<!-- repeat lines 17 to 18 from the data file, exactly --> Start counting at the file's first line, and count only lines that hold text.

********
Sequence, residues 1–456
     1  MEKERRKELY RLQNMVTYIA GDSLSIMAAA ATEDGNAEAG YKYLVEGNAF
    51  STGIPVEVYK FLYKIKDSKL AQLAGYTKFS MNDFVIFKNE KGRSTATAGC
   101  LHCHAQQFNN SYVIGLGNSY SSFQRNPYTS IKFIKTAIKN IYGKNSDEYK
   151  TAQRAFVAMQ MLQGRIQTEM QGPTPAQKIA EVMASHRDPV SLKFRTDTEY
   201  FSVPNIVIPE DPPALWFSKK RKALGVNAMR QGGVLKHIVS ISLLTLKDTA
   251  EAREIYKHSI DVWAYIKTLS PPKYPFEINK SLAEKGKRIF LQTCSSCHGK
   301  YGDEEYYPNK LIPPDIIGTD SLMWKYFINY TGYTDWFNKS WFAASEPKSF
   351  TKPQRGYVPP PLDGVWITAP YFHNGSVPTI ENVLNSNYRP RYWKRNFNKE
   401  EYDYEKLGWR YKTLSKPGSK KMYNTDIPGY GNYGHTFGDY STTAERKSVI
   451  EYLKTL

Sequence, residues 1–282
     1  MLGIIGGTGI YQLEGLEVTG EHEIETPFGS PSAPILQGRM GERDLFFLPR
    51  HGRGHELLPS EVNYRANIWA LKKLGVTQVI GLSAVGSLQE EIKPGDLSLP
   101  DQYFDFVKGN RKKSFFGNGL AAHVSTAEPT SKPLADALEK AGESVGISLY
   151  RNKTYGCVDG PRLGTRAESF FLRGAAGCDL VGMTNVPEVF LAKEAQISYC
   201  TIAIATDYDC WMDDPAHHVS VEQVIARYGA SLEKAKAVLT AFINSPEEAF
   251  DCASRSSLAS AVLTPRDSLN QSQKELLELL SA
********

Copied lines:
   201  TIAIATDYDC WMDDPAHHVS VEQVIARYGA SLEKAKAVLT AFINSPEEAF
   251  DCASRSSLAS AVLTPRDSLN QSQKELLELL SA